Daiichi Sankyo launches clotting drug Lixiana in UK
pharmafile | July 10, 2015 | News story | Medical Communications, Sales and Marketing | Daiichi Sankyo, Lixiana, NOAC, VTE, anticoagulant, atrial fibrillation, blood clots, edoxaban, novel anticoagulant, strokes, warfarin
Daiichi Sankyo’s Lixiana has become the latest pharma offering in the class of newer oral anticoagulants in the UK.
Lixiana (edoxaban) reduces the risk of blood clots in people with atrial fibrillation, which is thought to be the commonest heart rhythm disorder. It will also be used to protect patients from a recurrence if they have previously suffered from blood clots in the limbs and lungs, known as venous thromboembolism.
This class of blood-thinning drugs is the first group of new anticoagulants to come to the market in decades. They are used as an option to warfarin to prevent strokes in people with atrial fibrillation.
The heart rhythm irregularity caused by atrial fibrillation means blood clots are more likely to form in the heart, which can then travel to the brain, where they can cause a stroke. Patients with atrial fibrillation are five times more likely to suffer a stroke than those without the condition.
However Lixiana is relatively late to the UK market, where three blockbusters -Boehringer Ingelheim’s Pradaxa (dabigatran), Bayer’s Xarelto (rivaroxaban) and Pfizer and Bristol-Myers Squibb’s Eliquis (apixaban) are already licensed in multiple indications.
To support the launch of Lixiana Daiichi Sankyo funded a survey of 200 patients with atrial fibrillation. The survey indicated that a significant proportion of patients were not receiving adequate treatment to reduce their risk of a stroke.
Half of patients (50%) said they were not told different medications were available to reduce their risk of a stroke. NICE guidelines published in June 2014 recommend that aspirin should not be used on its own for stroke prevention in atrial fibrillation patients.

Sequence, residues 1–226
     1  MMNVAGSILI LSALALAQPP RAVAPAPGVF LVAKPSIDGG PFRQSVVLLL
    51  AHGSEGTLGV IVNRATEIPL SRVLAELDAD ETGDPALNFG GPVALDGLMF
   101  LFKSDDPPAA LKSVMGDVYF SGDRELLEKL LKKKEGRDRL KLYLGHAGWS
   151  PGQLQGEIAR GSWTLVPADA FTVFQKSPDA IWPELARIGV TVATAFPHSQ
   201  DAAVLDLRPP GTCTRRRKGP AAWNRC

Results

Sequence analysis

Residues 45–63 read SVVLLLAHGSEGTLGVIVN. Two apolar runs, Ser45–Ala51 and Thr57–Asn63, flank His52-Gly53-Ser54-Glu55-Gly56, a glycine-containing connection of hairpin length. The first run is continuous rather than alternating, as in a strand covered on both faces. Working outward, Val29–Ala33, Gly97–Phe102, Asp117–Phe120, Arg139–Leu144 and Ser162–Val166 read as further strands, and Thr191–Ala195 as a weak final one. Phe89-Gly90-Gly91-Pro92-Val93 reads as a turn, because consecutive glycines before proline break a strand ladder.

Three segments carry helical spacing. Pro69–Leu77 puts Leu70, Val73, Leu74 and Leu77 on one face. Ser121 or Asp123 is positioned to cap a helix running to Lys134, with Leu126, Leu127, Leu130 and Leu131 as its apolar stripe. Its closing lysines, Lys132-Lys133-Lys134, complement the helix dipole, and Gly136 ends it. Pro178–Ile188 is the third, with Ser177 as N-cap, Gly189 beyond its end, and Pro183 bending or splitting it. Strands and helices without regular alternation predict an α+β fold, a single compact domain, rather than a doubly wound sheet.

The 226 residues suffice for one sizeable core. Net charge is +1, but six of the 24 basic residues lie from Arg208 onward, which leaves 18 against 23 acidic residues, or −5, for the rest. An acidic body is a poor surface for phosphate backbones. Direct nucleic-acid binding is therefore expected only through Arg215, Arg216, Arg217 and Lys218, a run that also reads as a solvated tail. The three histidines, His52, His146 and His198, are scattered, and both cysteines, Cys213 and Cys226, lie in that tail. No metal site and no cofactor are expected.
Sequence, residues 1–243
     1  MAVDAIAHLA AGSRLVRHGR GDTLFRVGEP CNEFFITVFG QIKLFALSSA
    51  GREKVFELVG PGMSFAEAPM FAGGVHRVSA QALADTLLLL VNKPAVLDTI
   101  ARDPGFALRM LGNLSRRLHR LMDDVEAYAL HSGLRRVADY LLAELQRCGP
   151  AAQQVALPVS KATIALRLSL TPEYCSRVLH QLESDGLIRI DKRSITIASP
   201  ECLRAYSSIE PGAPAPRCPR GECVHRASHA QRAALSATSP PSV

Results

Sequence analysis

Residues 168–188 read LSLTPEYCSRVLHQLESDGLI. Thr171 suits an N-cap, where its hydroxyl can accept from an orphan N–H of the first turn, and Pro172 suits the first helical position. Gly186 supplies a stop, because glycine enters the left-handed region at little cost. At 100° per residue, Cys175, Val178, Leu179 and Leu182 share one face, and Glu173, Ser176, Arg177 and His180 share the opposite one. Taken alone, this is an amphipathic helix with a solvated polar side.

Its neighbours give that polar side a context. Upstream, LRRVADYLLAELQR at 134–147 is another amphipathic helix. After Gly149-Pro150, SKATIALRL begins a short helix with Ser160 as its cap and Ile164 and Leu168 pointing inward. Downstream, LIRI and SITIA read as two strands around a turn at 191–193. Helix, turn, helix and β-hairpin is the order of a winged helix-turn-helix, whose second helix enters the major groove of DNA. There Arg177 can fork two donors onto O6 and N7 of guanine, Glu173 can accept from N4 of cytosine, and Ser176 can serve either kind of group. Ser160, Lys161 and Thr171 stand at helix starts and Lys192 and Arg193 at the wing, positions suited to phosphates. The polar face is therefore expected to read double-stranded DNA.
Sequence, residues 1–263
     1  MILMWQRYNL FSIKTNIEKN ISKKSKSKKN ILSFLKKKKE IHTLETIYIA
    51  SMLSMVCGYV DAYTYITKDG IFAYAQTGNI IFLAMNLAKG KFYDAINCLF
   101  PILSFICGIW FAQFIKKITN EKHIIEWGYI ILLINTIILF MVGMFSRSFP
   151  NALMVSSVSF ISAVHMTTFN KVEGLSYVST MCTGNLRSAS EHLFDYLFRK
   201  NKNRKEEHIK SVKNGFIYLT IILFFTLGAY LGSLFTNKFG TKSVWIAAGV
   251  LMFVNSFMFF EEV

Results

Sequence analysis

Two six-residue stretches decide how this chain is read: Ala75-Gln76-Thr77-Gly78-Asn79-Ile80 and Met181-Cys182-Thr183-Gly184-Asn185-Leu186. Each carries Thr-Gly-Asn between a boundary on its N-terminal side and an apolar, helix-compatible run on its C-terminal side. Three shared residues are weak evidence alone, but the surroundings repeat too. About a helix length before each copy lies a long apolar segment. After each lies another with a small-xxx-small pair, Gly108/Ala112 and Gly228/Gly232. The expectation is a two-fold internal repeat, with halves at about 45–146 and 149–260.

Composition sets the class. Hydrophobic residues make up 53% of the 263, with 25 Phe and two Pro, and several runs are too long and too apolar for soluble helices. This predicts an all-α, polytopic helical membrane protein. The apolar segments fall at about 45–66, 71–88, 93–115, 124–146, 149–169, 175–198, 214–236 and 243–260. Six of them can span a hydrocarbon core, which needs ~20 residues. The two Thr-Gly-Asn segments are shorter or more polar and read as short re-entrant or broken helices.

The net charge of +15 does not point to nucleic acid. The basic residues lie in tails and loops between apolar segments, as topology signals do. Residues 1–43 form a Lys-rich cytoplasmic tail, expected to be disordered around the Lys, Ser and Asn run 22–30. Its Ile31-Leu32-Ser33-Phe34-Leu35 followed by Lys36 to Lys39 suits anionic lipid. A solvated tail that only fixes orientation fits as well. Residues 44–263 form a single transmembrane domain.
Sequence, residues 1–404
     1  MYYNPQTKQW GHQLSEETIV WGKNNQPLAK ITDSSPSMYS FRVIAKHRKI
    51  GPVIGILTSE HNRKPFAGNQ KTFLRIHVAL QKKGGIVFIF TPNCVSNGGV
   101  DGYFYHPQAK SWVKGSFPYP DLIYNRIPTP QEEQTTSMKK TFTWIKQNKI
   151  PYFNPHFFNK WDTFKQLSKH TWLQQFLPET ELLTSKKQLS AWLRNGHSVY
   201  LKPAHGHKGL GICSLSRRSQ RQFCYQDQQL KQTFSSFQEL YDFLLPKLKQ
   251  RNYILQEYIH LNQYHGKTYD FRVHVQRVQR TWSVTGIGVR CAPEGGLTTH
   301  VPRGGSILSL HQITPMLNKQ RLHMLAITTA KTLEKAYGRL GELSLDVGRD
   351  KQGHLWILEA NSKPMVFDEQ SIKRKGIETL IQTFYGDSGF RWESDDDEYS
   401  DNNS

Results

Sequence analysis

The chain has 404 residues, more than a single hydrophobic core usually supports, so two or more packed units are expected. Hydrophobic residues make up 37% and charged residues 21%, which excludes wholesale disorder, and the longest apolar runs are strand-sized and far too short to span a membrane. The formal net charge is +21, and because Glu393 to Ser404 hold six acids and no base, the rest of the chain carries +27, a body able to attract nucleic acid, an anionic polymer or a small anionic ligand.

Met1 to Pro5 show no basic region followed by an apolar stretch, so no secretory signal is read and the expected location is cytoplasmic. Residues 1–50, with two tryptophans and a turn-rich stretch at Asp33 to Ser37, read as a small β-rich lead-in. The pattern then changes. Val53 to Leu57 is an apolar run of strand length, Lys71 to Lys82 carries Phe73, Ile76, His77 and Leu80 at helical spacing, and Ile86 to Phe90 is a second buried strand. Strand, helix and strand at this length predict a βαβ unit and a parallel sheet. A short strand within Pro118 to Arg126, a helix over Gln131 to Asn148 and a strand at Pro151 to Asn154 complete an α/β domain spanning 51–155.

However the Daiichi survey found that more than half of patients (56.5%) were taking warfarin compared with around one in six (16.3%) who were taking of one of the newer anticoagulants.
Professor Gregory Lip, from the University of Birmingham, who has carried out studies on Lixiana says: “A few years ago, all we had to prevent strokes in atrial fibrillation patients was warfarin, which imposes many lifestyle restrictions on patients and needs monitoring with a blood test system known as INR. Now we are spoilt for choice with modern blood-thinning drugs that do not need INR monitoring and are easy for patients to live with.”
Dr Alexander Cohen, consultant vascular physician from Guy’s and St Thomas’ Hospitals and Kings College London who has also researched Lixiana, welcomed the additional resource to tackle the condition.
“Venous thromboembolism has a high rate of recurrence, which can be fatal. We need more tools to protect patients from a second incident and edoxaban will be of great use to help tailor treatments to specific patients.”
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